This sort of “blogging is dead, especially for business” thinking as shared in Beyond Blogging: 13 Content Marketing Opportunities for Ecommerce by Linda Bustos drives me nuts:
Remember when business blogging was really big? You know, 2007-ish, before Twitter, Facebook, Pinterest and Instagram came and stole all that consumer attention span.
The death of Google Reader may just be one more signal that blogging is passe, at least as a marketing tool for commercial products.
Only 25% of the 85 retail blogs we tracked in 2007 are still actively updated today. That’s a 75% abandonment rate.
So if blogging’s dead, what content marketing opportunities remain for ecommerce?
First of all, the majority of the sites listed rely on content produced elsewhere to fill them — not only curation sites, like Pinterest & Scoop.It, but social media sites, like Facebook & Twitter (which are also blogging or micro-blogging), as well. Without blogs and websites creating content, what is there to curate or share? And, in fact, at least half of the 13 “opportunities” Bustos lists are actions (content, curation) performed at blogs; many are actually dependent upon blogs specifically for content, and at least three of them (Infographics, Newsletter/email, QRated content) require blogs or websites to make them work.
If The Future is based on blogging, how can it be dead?
Secondly, there are major issues with the subject of blog abandonment rate claims. Blogs, like the static sites before them, have always had high abandonment rates. Since 2004, Technorati’s State of the Blogosphere has been examining such things as the supposed “death” of blogs — and the more the death rumor waves rolled in, they rolled back out again as more data put the rumors out to sea. Sure, blogs are abandoned. Blogging has made it super easy for the code-ignorant to self-publish — come on in, the water’s fine! And, like so many self-directed activities, such ease has allowed them to self-perish just as easily. Any one of those reasons can just as easily be applied to curating or “Facebooking”. (But, by the way, did you do any digging to see why that 75% of retail blogs were abandoned? Are the companies still around? Have multiple blogs been combined? Have blogs been rolled into retail sites? Have they simply been “guest blogging” at other sites, or using Facebook Pages?)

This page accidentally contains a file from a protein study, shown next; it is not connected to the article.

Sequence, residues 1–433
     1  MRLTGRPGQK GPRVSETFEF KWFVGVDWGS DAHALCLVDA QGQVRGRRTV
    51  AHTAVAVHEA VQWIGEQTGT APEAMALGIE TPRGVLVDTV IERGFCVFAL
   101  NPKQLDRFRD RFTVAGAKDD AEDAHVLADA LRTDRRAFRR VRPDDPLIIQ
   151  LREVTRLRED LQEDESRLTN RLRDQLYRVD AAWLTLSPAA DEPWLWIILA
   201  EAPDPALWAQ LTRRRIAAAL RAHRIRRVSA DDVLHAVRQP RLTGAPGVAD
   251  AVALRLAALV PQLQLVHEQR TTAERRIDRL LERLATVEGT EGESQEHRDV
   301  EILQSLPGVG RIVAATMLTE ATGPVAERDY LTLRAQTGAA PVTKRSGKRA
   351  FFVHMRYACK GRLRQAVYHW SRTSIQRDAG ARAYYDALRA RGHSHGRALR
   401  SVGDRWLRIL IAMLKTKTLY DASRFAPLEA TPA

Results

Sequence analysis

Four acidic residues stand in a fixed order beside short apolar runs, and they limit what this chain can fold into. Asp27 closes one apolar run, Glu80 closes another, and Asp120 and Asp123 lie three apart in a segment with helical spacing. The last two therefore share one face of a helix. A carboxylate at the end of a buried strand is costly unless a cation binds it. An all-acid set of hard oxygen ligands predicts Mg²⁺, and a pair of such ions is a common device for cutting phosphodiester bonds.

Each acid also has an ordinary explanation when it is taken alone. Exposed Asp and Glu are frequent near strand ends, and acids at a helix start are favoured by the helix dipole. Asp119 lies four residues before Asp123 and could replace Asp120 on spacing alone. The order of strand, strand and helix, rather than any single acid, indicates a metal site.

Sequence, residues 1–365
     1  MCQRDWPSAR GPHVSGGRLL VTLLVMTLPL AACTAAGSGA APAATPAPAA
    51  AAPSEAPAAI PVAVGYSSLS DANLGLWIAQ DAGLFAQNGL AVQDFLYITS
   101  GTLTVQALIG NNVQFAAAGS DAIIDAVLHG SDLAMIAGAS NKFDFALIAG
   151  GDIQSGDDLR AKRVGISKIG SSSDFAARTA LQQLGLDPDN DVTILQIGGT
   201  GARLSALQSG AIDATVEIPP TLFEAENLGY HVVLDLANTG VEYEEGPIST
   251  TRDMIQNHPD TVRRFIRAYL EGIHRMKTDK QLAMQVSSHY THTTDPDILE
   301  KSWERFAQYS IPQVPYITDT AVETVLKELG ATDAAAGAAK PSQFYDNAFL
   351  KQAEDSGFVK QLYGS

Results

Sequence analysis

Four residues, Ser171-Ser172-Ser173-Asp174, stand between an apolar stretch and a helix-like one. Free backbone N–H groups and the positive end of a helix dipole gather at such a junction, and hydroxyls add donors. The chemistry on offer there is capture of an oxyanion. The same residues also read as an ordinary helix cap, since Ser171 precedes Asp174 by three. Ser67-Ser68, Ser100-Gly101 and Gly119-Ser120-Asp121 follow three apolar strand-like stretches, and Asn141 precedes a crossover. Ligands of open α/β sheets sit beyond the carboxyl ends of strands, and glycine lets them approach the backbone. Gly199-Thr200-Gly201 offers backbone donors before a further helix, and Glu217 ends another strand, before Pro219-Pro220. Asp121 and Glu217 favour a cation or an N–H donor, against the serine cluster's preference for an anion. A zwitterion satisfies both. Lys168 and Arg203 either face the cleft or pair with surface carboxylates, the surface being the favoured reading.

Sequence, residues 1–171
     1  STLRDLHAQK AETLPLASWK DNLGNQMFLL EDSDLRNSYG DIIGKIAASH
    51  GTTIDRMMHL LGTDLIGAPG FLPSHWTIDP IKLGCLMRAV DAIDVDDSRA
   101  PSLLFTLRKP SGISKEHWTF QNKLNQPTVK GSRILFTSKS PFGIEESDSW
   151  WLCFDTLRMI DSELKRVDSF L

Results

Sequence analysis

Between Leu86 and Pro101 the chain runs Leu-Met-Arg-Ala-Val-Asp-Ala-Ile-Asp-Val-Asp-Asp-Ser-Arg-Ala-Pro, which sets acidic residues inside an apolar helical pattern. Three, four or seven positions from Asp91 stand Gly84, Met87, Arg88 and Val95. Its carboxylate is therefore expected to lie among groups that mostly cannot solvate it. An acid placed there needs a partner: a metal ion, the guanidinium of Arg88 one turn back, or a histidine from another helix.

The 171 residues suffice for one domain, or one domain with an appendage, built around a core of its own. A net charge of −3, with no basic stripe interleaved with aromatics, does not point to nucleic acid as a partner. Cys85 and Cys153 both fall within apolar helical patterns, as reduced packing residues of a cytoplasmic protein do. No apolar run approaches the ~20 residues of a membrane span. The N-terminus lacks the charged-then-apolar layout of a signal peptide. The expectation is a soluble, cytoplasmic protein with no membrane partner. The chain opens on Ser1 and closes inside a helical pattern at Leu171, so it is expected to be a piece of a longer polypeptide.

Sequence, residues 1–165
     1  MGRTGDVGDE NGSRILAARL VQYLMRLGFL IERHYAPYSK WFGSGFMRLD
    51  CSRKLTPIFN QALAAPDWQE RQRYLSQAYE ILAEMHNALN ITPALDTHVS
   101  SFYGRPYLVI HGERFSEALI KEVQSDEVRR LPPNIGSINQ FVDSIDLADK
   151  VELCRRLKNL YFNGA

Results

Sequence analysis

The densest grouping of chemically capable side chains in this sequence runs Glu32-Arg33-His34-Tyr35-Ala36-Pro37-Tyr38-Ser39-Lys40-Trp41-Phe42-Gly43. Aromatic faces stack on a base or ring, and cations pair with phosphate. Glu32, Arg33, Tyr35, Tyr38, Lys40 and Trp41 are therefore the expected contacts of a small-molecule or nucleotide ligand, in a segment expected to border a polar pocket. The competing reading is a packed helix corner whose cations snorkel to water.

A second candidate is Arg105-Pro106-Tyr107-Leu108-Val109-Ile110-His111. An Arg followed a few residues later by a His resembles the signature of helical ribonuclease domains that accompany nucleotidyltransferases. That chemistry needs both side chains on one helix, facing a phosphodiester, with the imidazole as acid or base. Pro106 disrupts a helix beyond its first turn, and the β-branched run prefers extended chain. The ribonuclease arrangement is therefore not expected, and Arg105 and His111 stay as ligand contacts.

Beneath all of this, however, is the fundamental issue of what blogging is.
I’ve long contended that blogging is a method of publishing; it’s the software, the mechanism, the platform. In that case, Facebook, Twitter, etc. are platforms for blogging. Platforms which are far more controlled by others than the single stand-alone sites which Bustos & others call blogs and are trying to declare dead. But to say “blogging is dead” is a more than premature; it’s just plain not true.
You can split-hairs over what blogging is or isn’t, which platforms, software, distribution methods etc. are trending now and where it might go tomorrow, but whatever you call it, people will be creating and many of them will opt to control their creations as well. (…Well, many of us will do our best to try to control as best we can in this Digital Wild West. And for many of us, that means our own sites and even our own servers. Because as we are learning more every day, sites and platforms come & go every single day. And censorship is a threat. Wise folks who value their creations know that using another party’s service/site/platform has plenty of risks.)
Whether the blogging/self-publishing mechanism changes is not really an issue, for as technology advances it certainly will change. But the creation of content itself will remain. And (hopefully!) we will always have individuals involved who will opt to retain their roles of both creator and publisher, i.e. their own blogs and sites (whatever they’ll be called), for which the curators, sharers, etc. should be most thankful.
Image Credits: Wikipedia